Are Contexts always able to be evaluated in a runner script?

This is likely because of the rapid evolution of GitHub Actions/Workflows, but when referencing many examples/tutorials (and some GitHub Actions docs) on the web, many note that when using environment variables you have to handle expansion using the appropriate syntax for your given shell

For example:

job:
  print-stuff:
    runs-on: *windows/linux, depending on shell usage*
    env:
      some_var: Hello World
    steps:
    - shell: pwsh
      run: echo $Env:some_var
    - shell: cmd
      run: echo %some_var%
    - shell: bash
      run: echo $some_var

This makes sense since the runner is actually processing these lines directly, especially for variables you set within the runner itself and not in the workflow file.

But then, in a couple places, including the official docs, I’ve seen syntax like this:

job:
  print-stuff:
    runs-on: *whatever*
    env:
      some_var: Hello World
    steps:
      run: echo ${{ env.some_var }}

Until I found this in the documentation I was confused as I thought this wasn’t allowed, given all of the statements regarding the necessity of per-shell variable expansion syntax. Perhaps this is a newer feature, since the few examples I’ve found of it are newer?

So basically my question is, is it always OK to resolve environment (or other context) variables at the “workflow level” in a ‘run’ statement using expressions like this? Are there any gotchyas/things to watch out for?

Obviously the context has to be available in a given situation and variables in the ‘env’ context are only there if defined in the workflow or written back using the environment file.

It seems like the answer is yes, but again I’m just a bit unsure now given all of the talk about shell specific variable expansion.

This just seems much easier to do when availability permits since its shell agonistic.

The main thing to keep in mind is that ${{ ... }} is Actions syntax: It has absolutely nothing to do with the shell, and the shell never knows about it. It’s templating, basically: The Actions runner substitutes the ${{ ... }} with whatever the result of the expression between the double curly brackets is to make a script file. That script file is then passed to the shell for the run step. So if the result of the expression contains any characters the shell treats specially (e.g. spaces, quotes, semicolons, …), you may get odd to dangerous results.

When you use environment variables with shell syntax you get whatever processing/escaping your shell of choice does.

Of course you need to be careful with untrusted input either way, and validate or escape it as appropriate.

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Ok, I understood that the expressions are evaluated at the “Actions level”, being passed to the shell with all substitutions already performed, but thanks for the notes on what to watch for when approaching variables this way as I do see how it could be a bit easier to miss special characters being passed in without the proper escapes.

I’m also just curious about the history of this use given all of the instances of guides implying variable substitution must be applied by the shell in a run action, whereas it sounds like, at least today, its more of a recommendation than a requirement.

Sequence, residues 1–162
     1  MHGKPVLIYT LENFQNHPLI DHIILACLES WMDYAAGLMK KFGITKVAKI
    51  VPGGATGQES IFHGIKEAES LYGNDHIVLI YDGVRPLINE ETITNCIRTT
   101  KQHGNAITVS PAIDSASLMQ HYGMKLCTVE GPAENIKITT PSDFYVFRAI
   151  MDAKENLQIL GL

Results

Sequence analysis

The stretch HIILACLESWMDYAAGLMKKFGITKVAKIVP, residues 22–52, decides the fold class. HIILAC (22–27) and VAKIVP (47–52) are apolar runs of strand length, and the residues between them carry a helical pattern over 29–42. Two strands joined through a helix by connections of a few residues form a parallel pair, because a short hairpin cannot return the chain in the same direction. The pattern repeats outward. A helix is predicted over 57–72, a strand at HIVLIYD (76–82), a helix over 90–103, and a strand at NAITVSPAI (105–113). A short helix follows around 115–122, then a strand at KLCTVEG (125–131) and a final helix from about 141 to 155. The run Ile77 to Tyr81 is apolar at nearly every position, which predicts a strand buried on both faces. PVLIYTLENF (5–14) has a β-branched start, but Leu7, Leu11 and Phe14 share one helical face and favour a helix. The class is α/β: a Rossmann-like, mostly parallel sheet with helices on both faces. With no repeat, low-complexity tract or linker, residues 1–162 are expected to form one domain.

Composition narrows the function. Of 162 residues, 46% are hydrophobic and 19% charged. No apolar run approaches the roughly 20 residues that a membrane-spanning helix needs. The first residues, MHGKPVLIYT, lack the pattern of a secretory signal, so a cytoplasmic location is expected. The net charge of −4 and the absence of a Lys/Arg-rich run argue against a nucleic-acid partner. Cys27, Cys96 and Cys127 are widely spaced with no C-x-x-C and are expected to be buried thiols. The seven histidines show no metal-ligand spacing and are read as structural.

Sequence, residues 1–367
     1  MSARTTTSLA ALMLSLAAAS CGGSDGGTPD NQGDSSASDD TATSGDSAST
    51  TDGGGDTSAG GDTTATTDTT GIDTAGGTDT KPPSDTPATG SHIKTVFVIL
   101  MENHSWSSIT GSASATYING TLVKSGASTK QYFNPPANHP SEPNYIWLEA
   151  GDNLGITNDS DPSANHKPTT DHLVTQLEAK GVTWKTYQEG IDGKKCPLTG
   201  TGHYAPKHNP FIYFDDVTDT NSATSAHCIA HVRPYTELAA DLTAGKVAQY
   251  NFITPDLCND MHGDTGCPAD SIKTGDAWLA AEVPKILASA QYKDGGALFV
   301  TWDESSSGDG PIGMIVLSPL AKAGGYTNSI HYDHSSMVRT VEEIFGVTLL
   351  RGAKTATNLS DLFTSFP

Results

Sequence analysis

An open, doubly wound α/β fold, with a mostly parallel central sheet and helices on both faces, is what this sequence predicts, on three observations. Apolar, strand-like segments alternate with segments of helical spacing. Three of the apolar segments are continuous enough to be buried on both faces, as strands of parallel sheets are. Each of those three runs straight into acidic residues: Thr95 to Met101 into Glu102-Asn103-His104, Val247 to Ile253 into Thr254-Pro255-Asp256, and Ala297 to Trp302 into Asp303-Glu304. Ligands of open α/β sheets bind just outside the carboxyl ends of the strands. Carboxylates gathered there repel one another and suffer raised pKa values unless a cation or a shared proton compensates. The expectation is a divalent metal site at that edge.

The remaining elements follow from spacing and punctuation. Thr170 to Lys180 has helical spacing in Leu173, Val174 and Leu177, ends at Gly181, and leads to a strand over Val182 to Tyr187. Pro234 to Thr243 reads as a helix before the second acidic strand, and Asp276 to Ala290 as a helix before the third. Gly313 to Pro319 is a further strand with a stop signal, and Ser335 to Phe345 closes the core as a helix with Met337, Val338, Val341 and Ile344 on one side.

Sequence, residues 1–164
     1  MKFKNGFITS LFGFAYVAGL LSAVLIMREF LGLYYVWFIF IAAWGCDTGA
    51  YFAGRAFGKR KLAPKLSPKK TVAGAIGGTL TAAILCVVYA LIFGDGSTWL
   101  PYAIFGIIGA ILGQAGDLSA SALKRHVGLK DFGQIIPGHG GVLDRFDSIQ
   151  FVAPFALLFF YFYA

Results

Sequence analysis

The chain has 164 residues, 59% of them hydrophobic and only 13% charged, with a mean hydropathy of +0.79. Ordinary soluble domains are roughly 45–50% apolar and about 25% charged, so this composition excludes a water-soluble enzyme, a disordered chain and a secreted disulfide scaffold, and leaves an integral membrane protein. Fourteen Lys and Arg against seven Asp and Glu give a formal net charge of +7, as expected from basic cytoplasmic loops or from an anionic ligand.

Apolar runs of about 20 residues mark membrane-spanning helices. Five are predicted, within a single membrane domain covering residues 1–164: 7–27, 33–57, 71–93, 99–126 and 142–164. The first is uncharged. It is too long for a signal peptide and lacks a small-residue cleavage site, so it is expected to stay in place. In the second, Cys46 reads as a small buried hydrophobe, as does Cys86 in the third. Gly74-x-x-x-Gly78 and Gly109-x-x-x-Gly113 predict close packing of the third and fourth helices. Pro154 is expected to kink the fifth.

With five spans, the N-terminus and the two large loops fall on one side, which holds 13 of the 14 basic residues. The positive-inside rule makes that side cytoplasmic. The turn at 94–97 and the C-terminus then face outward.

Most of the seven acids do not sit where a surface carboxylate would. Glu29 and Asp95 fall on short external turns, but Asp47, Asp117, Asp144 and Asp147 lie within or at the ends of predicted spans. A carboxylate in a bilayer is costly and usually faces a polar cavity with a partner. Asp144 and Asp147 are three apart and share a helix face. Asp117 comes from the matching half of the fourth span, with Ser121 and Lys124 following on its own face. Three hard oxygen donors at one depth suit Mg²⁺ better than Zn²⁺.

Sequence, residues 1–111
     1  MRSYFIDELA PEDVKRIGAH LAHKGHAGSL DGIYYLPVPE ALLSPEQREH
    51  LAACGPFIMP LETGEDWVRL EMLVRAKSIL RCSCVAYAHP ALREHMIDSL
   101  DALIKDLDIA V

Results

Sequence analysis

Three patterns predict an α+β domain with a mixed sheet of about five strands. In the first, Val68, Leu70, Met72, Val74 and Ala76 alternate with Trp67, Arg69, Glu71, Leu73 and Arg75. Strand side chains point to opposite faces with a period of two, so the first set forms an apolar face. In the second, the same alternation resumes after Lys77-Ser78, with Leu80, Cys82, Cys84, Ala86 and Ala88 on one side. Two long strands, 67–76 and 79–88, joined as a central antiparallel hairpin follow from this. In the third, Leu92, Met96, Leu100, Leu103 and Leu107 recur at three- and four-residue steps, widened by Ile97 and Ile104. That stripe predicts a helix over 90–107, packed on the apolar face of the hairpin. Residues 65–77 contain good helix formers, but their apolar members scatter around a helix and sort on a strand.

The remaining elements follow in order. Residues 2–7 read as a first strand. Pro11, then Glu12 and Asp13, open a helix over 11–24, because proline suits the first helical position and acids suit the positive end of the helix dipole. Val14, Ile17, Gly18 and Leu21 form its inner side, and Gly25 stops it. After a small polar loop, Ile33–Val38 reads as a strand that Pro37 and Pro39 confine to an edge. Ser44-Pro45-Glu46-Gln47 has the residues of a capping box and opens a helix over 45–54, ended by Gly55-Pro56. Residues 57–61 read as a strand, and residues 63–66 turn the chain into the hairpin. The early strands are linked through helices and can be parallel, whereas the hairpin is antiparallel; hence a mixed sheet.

Wasn’t sure if it used to be the only option, or is just the way that most prefer, and therefore is spoke about in a way as if it was the method.

The templating syntax has been available since public availability of Actions, I don’t know if there was anything different during private beta.

I guess using shell variables is more common because it’s natural to do it that way if you’re familiar with shell scripting. Just write like you would elsewhere, without switching between shell and Actions template. Also passing variables via env makes it nicely obvious what gets passed in, including in the log.

In the end I think it’s a matter of choosing the tool that best fits your needs. :slightly_smiling_face:

Ah, thanks for the clarification.

Perhaps I was exaggerating how strict the references I’m referring to sounded, but that was still my overall initial impression.

With the “luxury” of being someone just getting started with this, I will be trying to use the env context as much as possible, so that’s nice to hear the logs will be a little more helpful in that case. Though, I’m certainly a bit irked by the fact you can’t set variables in the env path using other env context variables, and instead need to do so using the shell. Hopefully in the the workflow script parser becomes powerful enough to allow for that :sweat_smile:.

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One addition: The article linked below is a good description of what can go wrong with untrusted input. And yes, it’s easier to do wrong with templating. :sweat_smile:

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I appreciate the reference.

This does explain why some just avoid using the GitHub expressions when writing run sections altogether. Otherwise I will need to pay close attention to which context variables are used, and where, with what events I trigger a given workflow, and who exactly is interacting with the repository.

I’ll definitely be more careful and not just blindly use ${{ X }} all over the place.

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